Woman pours bleach on crotches of unsuspecting men on subway trains to punish them for manspreading
Russian law student Anna Dovgalyuk has embarked on a crusade to stop 'manspreading' by spraying bleach on to unsuspecting men's crotches
Anna Dovgalyuk, a female law student from Russia, has been going around splashing water mixed with bleach onto men's groin areas on subway trains in an attempt to protest "manspreading".
The 20-year-old Russian claims her country is "slow" to respond to the problem of "gender aggression" in men, and hence she has been targeting males sitting with their legs spread out on public transport in St. Petersburg, Russia.
Dovgalyuk, who describes herself as a social activist, said: "This solution is 30 times more concentrated than the mixture used by housewives when doing the laundry. It eats colors in the fabric in a matter of minutes — leaving indelible stains."
According to her, the apparent issue of "manspreading" is being "fought around the world — but hushed up here."
However, Dovgalyuk did not have anything to say about the alleged manspreading habit of Russian President Vladimir Putin, who is a former graduate of her own law faculty, per reports.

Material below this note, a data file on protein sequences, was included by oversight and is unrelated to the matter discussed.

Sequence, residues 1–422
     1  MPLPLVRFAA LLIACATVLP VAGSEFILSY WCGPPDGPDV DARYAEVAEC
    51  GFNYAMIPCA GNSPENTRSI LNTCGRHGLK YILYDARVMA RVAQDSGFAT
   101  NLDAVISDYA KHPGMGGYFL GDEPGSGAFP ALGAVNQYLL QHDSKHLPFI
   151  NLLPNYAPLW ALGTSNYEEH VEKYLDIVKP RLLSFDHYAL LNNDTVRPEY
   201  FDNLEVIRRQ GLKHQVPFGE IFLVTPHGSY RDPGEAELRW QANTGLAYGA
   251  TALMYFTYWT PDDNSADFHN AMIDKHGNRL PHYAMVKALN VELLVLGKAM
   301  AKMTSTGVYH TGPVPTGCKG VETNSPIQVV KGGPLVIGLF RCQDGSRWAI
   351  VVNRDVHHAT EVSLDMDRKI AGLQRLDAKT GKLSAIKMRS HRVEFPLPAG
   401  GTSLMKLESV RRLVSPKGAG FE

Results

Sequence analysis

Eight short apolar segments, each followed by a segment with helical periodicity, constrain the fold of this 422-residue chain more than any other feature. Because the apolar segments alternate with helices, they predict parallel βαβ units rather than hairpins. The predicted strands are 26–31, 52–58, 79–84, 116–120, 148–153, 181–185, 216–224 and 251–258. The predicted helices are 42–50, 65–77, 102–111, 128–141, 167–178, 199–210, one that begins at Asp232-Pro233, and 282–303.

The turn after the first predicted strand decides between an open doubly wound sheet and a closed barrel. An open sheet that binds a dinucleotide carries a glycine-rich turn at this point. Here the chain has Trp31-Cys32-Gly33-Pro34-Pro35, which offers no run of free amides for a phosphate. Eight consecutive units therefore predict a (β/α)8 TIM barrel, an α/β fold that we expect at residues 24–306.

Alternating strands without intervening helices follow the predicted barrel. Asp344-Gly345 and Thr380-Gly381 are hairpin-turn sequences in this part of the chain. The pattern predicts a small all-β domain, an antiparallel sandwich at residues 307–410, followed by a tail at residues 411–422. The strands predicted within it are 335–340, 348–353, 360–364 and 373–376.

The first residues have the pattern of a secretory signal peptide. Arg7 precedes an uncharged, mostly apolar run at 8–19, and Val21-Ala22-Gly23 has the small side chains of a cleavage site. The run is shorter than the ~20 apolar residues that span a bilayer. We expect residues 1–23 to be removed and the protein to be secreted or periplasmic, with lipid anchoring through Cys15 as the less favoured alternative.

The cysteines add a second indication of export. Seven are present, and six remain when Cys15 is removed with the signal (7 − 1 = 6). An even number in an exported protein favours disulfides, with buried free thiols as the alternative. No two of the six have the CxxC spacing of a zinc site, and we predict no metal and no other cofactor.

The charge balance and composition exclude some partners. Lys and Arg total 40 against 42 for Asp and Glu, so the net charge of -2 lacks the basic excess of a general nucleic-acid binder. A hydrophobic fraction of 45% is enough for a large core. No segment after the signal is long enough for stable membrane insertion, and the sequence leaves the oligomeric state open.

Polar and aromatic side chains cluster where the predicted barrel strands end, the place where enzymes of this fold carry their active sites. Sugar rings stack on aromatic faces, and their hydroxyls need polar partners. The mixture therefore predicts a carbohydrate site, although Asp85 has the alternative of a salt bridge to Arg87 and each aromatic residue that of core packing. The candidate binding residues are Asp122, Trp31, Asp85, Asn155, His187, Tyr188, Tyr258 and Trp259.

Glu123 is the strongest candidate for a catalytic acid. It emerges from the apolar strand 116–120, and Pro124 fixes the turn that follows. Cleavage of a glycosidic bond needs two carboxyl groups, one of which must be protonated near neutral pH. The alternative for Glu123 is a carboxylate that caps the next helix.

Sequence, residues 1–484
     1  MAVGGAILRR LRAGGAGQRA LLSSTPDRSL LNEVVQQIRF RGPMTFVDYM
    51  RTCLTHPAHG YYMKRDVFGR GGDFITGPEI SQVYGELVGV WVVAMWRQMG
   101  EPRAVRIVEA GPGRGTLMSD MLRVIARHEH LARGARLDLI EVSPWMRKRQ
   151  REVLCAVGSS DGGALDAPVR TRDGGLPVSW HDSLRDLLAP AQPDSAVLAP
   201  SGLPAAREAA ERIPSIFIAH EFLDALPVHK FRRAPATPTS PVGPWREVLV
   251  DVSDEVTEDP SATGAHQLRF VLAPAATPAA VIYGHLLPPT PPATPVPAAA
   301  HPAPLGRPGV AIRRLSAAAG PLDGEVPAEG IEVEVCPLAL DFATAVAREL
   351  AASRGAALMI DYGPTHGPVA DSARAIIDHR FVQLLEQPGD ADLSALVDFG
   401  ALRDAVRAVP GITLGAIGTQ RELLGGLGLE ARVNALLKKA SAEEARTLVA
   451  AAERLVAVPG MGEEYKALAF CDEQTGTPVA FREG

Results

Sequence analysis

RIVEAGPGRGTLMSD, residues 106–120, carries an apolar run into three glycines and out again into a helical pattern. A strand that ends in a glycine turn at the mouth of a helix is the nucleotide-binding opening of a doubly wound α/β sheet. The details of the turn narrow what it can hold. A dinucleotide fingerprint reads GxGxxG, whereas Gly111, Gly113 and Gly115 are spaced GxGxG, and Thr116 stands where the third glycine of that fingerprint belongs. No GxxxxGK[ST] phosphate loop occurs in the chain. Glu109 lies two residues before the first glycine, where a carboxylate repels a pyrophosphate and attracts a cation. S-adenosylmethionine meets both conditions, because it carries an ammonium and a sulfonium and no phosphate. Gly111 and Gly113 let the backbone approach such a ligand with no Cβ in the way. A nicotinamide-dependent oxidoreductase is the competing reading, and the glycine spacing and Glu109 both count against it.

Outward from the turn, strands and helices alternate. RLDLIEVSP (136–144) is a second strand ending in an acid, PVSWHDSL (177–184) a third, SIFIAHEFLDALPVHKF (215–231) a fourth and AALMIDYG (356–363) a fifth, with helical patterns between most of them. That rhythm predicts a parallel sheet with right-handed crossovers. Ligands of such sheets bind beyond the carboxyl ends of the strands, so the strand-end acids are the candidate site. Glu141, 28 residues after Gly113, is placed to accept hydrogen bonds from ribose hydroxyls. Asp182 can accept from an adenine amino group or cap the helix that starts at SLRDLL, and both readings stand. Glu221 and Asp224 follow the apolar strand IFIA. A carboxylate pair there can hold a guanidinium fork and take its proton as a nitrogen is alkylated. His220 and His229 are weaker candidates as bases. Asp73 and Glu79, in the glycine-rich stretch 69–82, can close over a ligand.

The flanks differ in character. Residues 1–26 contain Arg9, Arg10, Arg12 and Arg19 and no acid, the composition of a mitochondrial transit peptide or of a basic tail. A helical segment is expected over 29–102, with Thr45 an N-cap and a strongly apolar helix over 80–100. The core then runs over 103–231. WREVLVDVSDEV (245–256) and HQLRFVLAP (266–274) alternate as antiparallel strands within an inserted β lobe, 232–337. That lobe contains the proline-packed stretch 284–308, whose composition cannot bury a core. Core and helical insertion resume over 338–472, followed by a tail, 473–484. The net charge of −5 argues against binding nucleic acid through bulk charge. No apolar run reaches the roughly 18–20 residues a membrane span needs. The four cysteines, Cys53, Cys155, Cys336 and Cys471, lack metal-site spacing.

Hillary Clinton, the 2016 US presidential hopeful, attacked the Kremlin leader last year, saying, "There's an expression — we certainly know it in New York — called manspreading. Every time I met with him, it would be… (she gestured to show legs spread apart) the whole deal."
Dovgalyuk says her video is dedicated "to all 'men' for whom manspreading is the norm. So everyone can immediately understand which body part controls the behavior of these men."
Compiling quite a few of her hit-jobs on unsuspecting men riding the subways, she said, "We not only cooled the manspreading down but also marked them with identification spots!"
The 20-year-old law student and feminist claimed to be acting "on behalf of everyone who has to endure the manifestations of you declaring your macho qualities on public transportation."
Dovgalyuk first became notorious and caught worldwide attention after flashing her underwear to commuters in an attempt to raise awareness for upskirting laws in her country.
But her critics were unsure as to how she was helping counter the issue of upskirting by flashing her innerwear.
She responded by saying, "I am a social activist who advocates for women's rights and against discrimination in any form."
While one Russian news station called her video a sham and that she had placed actors to do her bidding, the campaigning student denied the allegations outright, Daily Mail reports.
She also denied insinuations that her efforts were linked to an organization specializing in online stunts. "My action is absolutely real," she said.
Proudly admitting that none of the victims had sued her so far, she asserted: "I don't think people are going to go to the police to file a report about jeans."